To avoid their explosion, should we hide the salaries of the big bosses?


As it does every spring, with the publication of the reference documents of listed companies, the remuneration of big bosses provokes outraged reactions. This year, it is the remuneration of executives in the automotive industry that is monopolising attention. While Carlos Ghosn, as CEO of Renault, received 7.25 million euros in 2015 (including 4.18 million in stock options), Carlos Tavares, Chairman of the Managing Board of PSA Peugeot Citroën, received 5.24 million euros (including 2 million in "performance shares").

Ahe CGT denounced the "completely indecent" remuneration, the CFDT considered that Carlos Tavares' remuneration was "not legitimate", while Michel Sapin, Minister of Economy and Finance, declared that it was "harmful". The two representatives of the State on the supervisory board of PSA also voted against this amount. For his part, Pierre Gattaz, President of the Medef, stressed: "When there is success, it does not shock me that success is rewarded".

Compensation inflation: good management?

The question of whether success should be rewarded financially, although this has been widely debated in psychology since the work founders of Edward Deciis not what's at stake here. What's shocking is the level of this reward. How can that be explained? Is it a relevant management practice?

First of all, it should be pointed out that Carlos Tavares' remuneration is significantly lower than that of his alter egos. As we have seen, the CEO of Renault earns 38 % more than him (not counting what he earns as Nissan boss). Similarly, the executives of other Western car manufacturers all have higher salaries than Carlos Tavares: 6.2 million euros for the boss of BMW, 6.5 million euros for Audi, 8.4 million euros for Mercedes, 10.9 million dollars for Fiat Chrysler, 16 million dollars for GM and 18.5 million dollars for Ford. In total, therefore, it is the remuneration of the big bosses in general, and not that of Carlos Tavares in particular, that is in question.

On average, according to the AFL-CIO unionIn 2015, the head of one of the 500 largest American companies earned 373 times the salary of his least qualified employees. This means that he earns more in a single day than his employees earn in a whole year. In France, the gap is smaller, but it is still between 1 and 100 between the amount of the minimum wage and the average salary. of CAC 40 CEOs. While the absolute level of this gap may legitimately be shocking, it is its evolution over the last few decades that is the most surprising phenomenon.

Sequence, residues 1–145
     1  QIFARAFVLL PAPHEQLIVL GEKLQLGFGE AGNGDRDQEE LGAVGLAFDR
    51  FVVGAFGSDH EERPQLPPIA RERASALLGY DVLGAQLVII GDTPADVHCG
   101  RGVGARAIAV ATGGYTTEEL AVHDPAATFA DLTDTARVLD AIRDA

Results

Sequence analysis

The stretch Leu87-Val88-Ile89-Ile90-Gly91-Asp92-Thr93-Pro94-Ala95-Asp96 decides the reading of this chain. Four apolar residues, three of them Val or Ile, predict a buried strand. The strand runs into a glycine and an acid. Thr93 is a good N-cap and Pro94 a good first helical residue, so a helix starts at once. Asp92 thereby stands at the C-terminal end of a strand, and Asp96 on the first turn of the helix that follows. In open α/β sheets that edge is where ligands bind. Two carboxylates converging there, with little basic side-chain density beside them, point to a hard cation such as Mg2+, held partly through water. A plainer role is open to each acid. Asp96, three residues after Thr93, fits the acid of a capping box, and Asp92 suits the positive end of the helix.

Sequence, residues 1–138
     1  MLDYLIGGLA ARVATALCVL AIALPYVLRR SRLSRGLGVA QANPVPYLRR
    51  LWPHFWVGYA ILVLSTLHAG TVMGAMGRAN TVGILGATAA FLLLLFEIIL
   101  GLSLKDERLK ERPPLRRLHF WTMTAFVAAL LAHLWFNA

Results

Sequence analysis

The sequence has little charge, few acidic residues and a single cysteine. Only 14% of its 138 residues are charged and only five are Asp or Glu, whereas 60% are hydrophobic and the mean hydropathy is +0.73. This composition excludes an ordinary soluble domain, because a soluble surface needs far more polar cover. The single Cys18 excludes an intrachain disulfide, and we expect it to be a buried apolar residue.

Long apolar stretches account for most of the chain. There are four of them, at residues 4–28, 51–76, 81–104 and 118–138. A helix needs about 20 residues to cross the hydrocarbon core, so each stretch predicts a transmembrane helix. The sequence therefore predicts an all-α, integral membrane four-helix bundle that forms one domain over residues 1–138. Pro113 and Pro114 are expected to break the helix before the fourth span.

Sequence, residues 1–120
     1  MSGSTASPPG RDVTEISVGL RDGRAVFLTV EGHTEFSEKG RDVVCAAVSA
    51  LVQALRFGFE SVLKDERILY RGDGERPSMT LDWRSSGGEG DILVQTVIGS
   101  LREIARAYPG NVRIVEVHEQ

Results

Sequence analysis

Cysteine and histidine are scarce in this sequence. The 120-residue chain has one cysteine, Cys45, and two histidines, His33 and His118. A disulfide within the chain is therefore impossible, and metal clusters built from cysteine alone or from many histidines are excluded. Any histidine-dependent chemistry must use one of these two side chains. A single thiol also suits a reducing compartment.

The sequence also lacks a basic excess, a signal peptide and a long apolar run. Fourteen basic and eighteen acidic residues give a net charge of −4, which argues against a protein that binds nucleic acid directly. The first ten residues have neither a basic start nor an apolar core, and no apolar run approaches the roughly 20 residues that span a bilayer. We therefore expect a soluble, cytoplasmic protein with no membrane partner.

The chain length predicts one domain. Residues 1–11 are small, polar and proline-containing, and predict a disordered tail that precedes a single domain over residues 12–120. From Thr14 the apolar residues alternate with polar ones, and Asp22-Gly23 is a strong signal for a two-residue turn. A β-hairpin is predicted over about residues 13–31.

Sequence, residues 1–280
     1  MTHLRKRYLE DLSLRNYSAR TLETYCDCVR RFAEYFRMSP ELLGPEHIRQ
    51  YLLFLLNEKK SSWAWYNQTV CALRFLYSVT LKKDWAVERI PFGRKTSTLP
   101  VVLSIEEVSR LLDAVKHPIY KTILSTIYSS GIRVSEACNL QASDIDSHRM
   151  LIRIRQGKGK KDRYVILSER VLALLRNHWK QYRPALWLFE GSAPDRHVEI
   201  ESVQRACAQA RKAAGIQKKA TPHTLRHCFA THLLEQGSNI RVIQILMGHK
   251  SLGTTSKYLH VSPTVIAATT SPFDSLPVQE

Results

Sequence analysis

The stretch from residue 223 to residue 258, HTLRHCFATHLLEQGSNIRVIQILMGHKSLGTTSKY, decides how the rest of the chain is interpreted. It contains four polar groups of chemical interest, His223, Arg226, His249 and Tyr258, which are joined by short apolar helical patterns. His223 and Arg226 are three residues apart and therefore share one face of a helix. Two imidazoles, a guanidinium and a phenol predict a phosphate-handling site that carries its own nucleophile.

Indeed, the gap was only 1 to 20 in the United States in 1965. In fact, this was the maximum pay gap recommended at the beginning of the XXe century the famous banker J.P. Morgan, little known for his egalitarian activism. The gap then rose to 1 to 30 in 1978, to 1 to 60 in 1990, to 1 to 300 in 2000 and then to 1 to 373 in 2015. The gap between the remuneration of employers and that of the least qualified employees has thus multiplied by about 20 in 50 years. What can explain such inflation? It is certainly not a proportional increase in the talent and responsibilities of the big bosses: whatever indicator is chosen, there is nothing to indicate that the performance of managers (and the companies they run) has increased 20-fold since the 1960s.

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Inbreeding of Boards of Directors

In fact, the explosion in executive compensation in listed companies can be explained by a combination of two perverse effects. The first of these effects is the consanguinity of boards of directors and supervisory boards, known in France under the sweet name of "barbichette", in reference to the rhyme "je te tiens, tu me tiens par la barbichette", which becomes: "you are a member of my board, you vote my remuneration, I am a member of your board, I vote your remuneration".

To legitimize executive compensation, some argue that there is a "market" for talent, and that compensation, however exuberant, would correspond to the "market price" of skills. However, if such a market exists for the executives of large groups, it is certainly not a free market and price is certainly not an objective measure of value. Indeed, the boards of directors of listed groups are often composed of individuals who are themselves executives, and who often sit on several other boards.

There is therefore a more or less obvious form of complicity between executives and those who evaluate their actions and decide on their compensation. Moreover, this situation is not specific to French capitalism (even if collusion between alumni of the same grandes écoles and the same major corporations tends to reinforce it), since it is found, for example, in the United States. In this respect, the theyrule.netThe report, while worthy of updating, is particularly instructive.

The level of remuneration of the big bosses can thus be explained by the fact that they attribute it to themselves, through their directors, with whom they share the same interests and the same networks. However, while this phenomenon may help to understand the amount of remuneration, it does not explain their multiplication by 20 in 50 years. Indeed, the endogamy of power is as old as the world, and there is no indication that it is worse today than it was yesterday.

The perverse effect of the publication of remuneration